Wow, it really has been a while! I took a bit of a hiatus from Seansense, but I’m back. I’m working on quite a few updates about the various things I’ve been up to for the last few months, but I thought I’d start here since it’s simple. Back in March, Melanie and I needed a quick escape so we took a road trip to the Carlsbad Caverns National Park in New Mexico. I only took a few photos, but I think they turned out pretty well. All are handheld with my Panasonic DMC-LX3. Gotta love 24mm and f/2.0 in a cave! Check out the gallery.No comments
Below is some amazing footage of the US Airways 1549 crash and subsequent rescue effort.
As a private pilot and aerospace engineer, I have been captivated by this story. I know that when things go wrong in the air, everything usually goes much worse when the airplane reaches the ground. Aircraft need to be light. Their structures are only strong enough to resist the forces encountered during normal takeoffs, flights, and landings, plus a relatively small safety factor. Unlike automobiles, aircraft just aren’t designed to crash. Instead you could say that aircraft are designed to not crash. Every critical system on a commercial aircraft is present in duplicate, triplicate, or more. Extensive design and testing goes into making sure that if one or two things fail, the airplane keeps flying right along.
In the case of US Airways Flight 1549, the redundant system was the aircraft’s engines. If one engine goes out, the second engine has enough power to bring the aircraft safely back to the airport. Due to the high reliability (and costs) associated with modern turbofan engines, aircraft manufactures and the FAA have decided that two is enough. Even the 368 passenger, transcontinental Boeing 777 gets by with just two engines. The probability of them both failing simultaneously is extremely low. Turbofan engines can suck up all kinds of junk and keep running. In fact, manufactures do a lot of testing to make sure this is the case:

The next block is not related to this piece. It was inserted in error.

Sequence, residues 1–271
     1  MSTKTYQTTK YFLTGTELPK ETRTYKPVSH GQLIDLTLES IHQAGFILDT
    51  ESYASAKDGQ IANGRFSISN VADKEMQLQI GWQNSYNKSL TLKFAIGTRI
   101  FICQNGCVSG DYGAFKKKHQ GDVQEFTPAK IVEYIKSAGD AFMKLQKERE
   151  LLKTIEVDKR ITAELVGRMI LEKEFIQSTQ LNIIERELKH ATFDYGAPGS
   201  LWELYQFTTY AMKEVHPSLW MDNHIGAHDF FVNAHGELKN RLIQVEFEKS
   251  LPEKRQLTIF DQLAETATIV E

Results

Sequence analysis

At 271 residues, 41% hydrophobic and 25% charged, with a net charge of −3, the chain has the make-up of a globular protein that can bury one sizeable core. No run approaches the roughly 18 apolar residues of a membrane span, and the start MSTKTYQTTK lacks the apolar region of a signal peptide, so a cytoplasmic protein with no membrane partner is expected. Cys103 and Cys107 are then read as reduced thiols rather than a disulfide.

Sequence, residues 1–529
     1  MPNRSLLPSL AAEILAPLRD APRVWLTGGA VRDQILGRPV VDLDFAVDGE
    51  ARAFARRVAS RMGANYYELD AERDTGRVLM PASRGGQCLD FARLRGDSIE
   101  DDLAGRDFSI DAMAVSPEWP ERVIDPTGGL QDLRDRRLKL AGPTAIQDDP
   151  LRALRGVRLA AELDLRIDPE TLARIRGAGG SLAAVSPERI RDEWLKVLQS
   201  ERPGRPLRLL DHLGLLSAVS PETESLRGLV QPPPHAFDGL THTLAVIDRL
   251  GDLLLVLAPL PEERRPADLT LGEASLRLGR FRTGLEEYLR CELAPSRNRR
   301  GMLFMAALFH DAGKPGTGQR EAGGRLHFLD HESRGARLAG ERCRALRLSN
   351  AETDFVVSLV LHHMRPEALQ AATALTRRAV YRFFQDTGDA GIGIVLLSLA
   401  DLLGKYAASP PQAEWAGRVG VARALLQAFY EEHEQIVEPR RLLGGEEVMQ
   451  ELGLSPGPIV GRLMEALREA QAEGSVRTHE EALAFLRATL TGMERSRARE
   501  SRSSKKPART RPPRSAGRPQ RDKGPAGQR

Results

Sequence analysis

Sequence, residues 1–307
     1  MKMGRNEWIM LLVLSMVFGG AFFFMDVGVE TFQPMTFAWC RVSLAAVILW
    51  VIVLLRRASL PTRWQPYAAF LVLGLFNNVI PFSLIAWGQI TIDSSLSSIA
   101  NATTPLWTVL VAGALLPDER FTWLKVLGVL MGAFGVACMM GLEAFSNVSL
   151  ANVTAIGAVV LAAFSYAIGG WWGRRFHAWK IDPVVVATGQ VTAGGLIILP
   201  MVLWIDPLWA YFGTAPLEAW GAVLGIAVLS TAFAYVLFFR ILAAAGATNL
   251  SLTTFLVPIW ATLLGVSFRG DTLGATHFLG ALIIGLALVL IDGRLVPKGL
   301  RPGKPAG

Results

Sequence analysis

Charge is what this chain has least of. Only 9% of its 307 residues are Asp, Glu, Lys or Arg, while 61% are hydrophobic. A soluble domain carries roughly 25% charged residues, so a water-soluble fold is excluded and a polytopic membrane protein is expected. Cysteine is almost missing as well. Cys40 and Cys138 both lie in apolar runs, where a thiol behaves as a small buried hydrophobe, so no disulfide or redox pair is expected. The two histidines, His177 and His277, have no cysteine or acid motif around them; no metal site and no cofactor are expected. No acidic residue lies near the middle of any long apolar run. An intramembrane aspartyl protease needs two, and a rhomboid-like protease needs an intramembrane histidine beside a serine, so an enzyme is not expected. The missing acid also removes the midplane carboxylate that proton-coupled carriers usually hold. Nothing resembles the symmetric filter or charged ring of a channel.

However, engines have their limits, and those limits were exceeded on Flight 1549, probably by a flock of Canadian Geese. The geese can weigh 14 pounds or more, which is too much for an engine to withstand. The impact probably broke several fan blades. With the fan spinning at several thousand revolutions per minute, the vibration likely cause a complete failure of the engine. The extremely unlucky thing is that it happened twice to Flight 1549.
Large, heavy commercial aircraft don’t fly very well without their engines. While a sailplane can have a glide ratio of around 60, meaning for every foot of altitude it loses it can travel forward 60 feet, an Airbus full of passengers and fuel has a glide ratio of maybe 12. If the aircraft lost power at 3000 feet, it could glide up to 6.8 statue miles under ideal conditions. This wasn’t enough distance to return to LaGuardia. There was an airport in New Jersey that was close, but probably not close enough, and near heavily populated areas. Keep in mind that the aircraft was probably traveling at 130 to 180 miles per hour, which gave the pilot only 2 to 3 minutes to make a landing. He had to make a quick decision under amazing pressure, and he the right thing by choosing the river.
Not to say a water landing is without risk. A lot of force is involved in hitting water at such high speeds. It is amazing that the aircraft didn’t cartwheel or break apart. While the aircraft appears to be intact in the video, this new photo of the plane being pulled from the river shows extensive damage to the underside:
Michael Appleton, New York Times
Just as oil floats on water, an airplane full of jet fuel is fairly buoyant, which is lucky for the passengers given the frigid temperature of the water. The fast response of the ferry boats is also extremely lucky and amazing. The boat captains did an excellent job of reaching the aircraft and maneuvering their vessels as the plane drifted downriver. The compassion of the ferry passengers is also heartwarming.
Overall it’s just so nice to hear a big news story with a happy ending, as that doesn’t happen very often these days.
If you want to read another story of inflight engine failures and amazing heroism, but with a less happy ending, look up United Flight 232. I was very priveledged to hear Captain Haynes speak at my school many years ago, and his story is another example of how well some people can perform under extreme pressure.No comments